Ubuntu has a user-base of somewhere around 20 million people. Even if those figures can be picked at, I would consider 10 million users nothing to be sneezed at. It might be a drop in the ocean compared to the user-base of Windows or Mac, but if 10 million people like it enough to use it then that’s 10 million people using a version of Linux instead of supporting a closed-off proprietary system. Whatever problems or reservations anyone has about Ubuntu, it’s still doing a good job in encouraging people away from proprietary, closed-source software. It is encouraging people to use Linux. It is encouraging people to become part of the Linux Community.
I would imagine that those using Ubuntu find that it provides all the things they require from an operating system. If it didn’t, then why would they use it? There are so many other choices and nobody is forcing them into choosing one distribution of Linux over another. So why does it seem so necessary for other Linux users to make derogatory comments towards it?
The best I can guess is that it is down to a lack of trust over why someone prefers one distro to another: If they have chosen Ubuntu then it must be because they’re an idiot, so it’d be best if I point out why their choice sucks and then they will see the error of their ways and become smart like me. In fact, they’re probably too moronic to see why I’m right so I might as well just call them names.
But that’s not the point of the Linux Community is it? Linux users should be able to unite under a banner: We have chosen at least the Open-Source option (with the option to delve further into Free Software if we so wish). We can wave the flag for what can be achieved without the need for a massive software corporation to make it happen. There is another way of creating, maintaining and improving a fully functional and reliable Operating System and the results are at least as good as the other closed-source alternatives.
So why do I get the impression that the Linux Community spends a good deal of time bickering amongst themselves? I’m hoping that it’s as simple as a disproportionate representation of ill-will. I read negative and blunt comments (which often basically amount to someone throwing their faeces at something they have taken a disliking to) and think it represents the Linux Community when in fact a large proportion of Linux users probably just don’t find it necessary to type up that they’re quite happy for other folks to find what works for them.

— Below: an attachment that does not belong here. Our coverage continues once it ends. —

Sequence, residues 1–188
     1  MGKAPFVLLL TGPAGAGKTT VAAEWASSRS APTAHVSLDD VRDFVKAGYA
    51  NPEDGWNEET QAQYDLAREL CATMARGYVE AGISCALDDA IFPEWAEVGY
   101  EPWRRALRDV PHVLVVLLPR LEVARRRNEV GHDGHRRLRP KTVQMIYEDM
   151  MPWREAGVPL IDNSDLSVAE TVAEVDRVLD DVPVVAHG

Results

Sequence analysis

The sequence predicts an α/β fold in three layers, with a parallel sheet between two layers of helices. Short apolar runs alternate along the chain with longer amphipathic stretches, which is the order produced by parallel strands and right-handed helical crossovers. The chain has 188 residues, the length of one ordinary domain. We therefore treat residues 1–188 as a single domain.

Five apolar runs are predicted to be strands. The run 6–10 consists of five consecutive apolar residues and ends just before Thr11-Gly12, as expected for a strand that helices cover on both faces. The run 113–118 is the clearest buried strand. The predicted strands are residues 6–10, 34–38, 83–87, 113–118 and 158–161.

Some Of My Best Friends Use Windows So I’ve Told Them That They Are Arseholes
Plenty of my friends use Windows. The fact of the matter is that most of them use whatever Operating System came with their machine. They use that operating system to do the things they want to with their computer and then they go off and do something else. It’s not that important to them.
I see no reason to dislike them for it. I’m probably not going to write them a letter saying ‘You’re a tool. You should be using something better. You suck.’
I think it’s that extra layer of distance from using the internet that seems to support the sentiment that if someone is far away then it’s fine to be an arsehole to them. This is a general internet communication problem.
Before the rise in popularity and ubiquity of the internet (and our increased ease of access to it) it was not so straightforward to share opinions so freely and easily. There were layers in place that would filter out some of the less ‘well formed’ opinions.
The free exchange of ideas and opinions is a better model, but the trust is placed on the individual expressing them or reading them to add their own filter in.
Filtering through ideas and opinions is necessary for us to engage with the world. If we accepted every opinion and idea to be equally valid and relevant then we would end up in a mess. Filtering through news articles and comments and noting that the writer is deliberately being provocative without trying to help articulate their point is a useful exercise for these filtering ‘muscles’.
In the midst of writing this article my original purpose diverged. It occurred to me that a better ‘call to arms’ would be to encourage anyone, whilst trawling through their favourite Communication Expressing/Exchanging websites, to keep forefront in their minds that most of the things typed will just be opinions that may or may not have any relevance to their own.